Mortgage Delinquencies Rise 53% in 2008: Report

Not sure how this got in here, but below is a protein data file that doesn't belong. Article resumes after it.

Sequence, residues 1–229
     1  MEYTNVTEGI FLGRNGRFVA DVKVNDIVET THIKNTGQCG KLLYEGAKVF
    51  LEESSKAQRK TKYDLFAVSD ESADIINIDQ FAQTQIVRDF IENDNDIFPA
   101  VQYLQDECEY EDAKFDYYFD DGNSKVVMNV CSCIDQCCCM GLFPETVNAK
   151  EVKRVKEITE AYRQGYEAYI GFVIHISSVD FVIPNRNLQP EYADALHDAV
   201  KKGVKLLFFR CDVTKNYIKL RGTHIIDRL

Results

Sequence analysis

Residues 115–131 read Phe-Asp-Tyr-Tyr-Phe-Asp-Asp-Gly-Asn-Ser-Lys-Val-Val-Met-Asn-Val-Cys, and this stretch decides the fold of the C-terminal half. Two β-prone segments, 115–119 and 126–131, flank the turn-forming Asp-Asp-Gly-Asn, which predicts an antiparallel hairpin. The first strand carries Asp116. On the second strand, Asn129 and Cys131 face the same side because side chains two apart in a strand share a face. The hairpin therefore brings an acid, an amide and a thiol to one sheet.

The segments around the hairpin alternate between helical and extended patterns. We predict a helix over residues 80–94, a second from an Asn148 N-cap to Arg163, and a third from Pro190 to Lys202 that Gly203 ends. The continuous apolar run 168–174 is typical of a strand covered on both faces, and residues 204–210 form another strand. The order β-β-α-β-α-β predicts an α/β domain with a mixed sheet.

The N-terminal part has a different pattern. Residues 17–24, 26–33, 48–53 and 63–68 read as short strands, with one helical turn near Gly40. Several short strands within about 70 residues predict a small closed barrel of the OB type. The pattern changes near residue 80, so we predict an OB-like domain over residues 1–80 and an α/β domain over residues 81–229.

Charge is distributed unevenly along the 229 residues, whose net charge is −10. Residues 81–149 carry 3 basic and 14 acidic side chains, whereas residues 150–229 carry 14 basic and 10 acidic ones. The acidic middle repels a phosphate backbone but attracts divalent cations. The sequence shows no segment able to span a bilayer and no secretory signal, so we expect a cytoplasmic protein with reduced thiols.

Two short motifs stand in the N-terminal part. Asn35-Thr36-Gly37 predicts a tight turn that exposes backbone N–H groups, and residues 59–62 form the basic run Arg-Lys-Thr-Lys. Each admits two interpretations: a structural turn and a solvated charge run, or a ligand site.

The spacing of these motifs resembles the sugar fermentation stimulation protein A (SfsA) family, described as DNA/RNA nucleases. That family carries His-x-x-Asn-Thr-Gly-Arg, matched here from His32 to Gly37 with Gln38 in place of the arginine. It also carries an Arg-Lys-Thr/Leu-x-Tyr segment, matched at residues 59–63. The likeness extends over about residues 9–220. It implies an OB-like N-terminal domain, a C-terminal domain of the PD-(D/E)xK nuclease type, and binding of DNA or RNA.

Mortgage loan delinquency increased for the eighth straight quarter, hitting a national average high of 4.58 percent for the fourth quarter of 2008, according to a report released Tuesday by TransUnion. Traditionally seen as a precursor to foreclosures, this statistic is up almost 16 percent from the previous quarter's 3.96 percent average and up a whopping 53 percent from the same period last year. "Unfortunately, the mortgage sector continues to experience increases in the delinquency rate due to worsening economic conditions in both the labor and financial markets," said Keith Carson, a senior consultant in TransUnion's financial services group. Mortgage borrower delinquency rates in the fourth quarter of 2008 were highest in Florida and Nevada, sitting at 9.52 percent and 9.01 percent, respectively. The lowest mortgage delinquency rates were found in North Dakota, at 1.21 percent, and Alaska, at 1.74 percent. The three areas showing the greatest percentage growth in delinquency from the previous quarter were Arizona, Montana and South Dakota. The average national mortgage debt per borrower rose a slight 0.26 percent to $192,789 from the previous quarter's $192,287. On a year-over-year basis, the fourth quarter 2008 average represents a 0.74 percent increase compared to the fourth quarter 2007 average of $191,370. For the year, the area with the highest average mortgage debt per borrower was California at $356,421, followed by the District of Columbia at $354,082 and Hawaii at $310,289. The lowest average mortgage debt per borrower was in West Virginia at $96,242. The dramatic rise in the mortgage delinquency rates since the end of 2007 -- the official beginning of the current recession -- highlights a worthwhile comparison to our last recession, said TransUnion analysts. The 2001 recession, beginning in March of 2001 and ending in November of the same year, resulted from a collapse in the dot com bubble, combined with the terrorist attacks of September 11th. During that time, the mortgage delinquency ratio increased by almost 28 percent, according to TransUnion's figues. While considered a large increase at the time, in comparison to the delinquency impact of the current recession it might be viewed as modest. This time around the national average mortgage delinquency rate has increased by almost 79 percent to date--essentially tripling what occurred in the last recession. TransUnion's most recent forecasts show the 2009 mortgage delinquency rates reaching as high as 8 percent or more by year end, said Carson. "Economic factors will continue to have a significant impact on the credit markets as unemployment increases and housing prices continue to erode. However, if government efforts to reduce mortgage rates are successful, there could be a gradual increase in home purchases, moving toward a stabilization of housing prices and a decrease in mortgage loan delinquencies in 2010." As far as state projections go, TransUnion said Florida is anticipated to continue to experience the highest delinquency rate through the end of 2009, with the possibility of doubling its current nonpayment rate of 9.5 percent. North Dakota is expected to continue to exhibit the lowest mortgage delinquency rate by year end, reaching just over 1.5 percent by the end of 2009. Write to Kelly Curran at firstname.lastname@example.org. Disclosure: The author held no relevant investment positions when this story was published. Indirect holdings may exist via mutual fund investments. HW reporters and writers follow a strict disclosure policy, the first in the mortgage trade.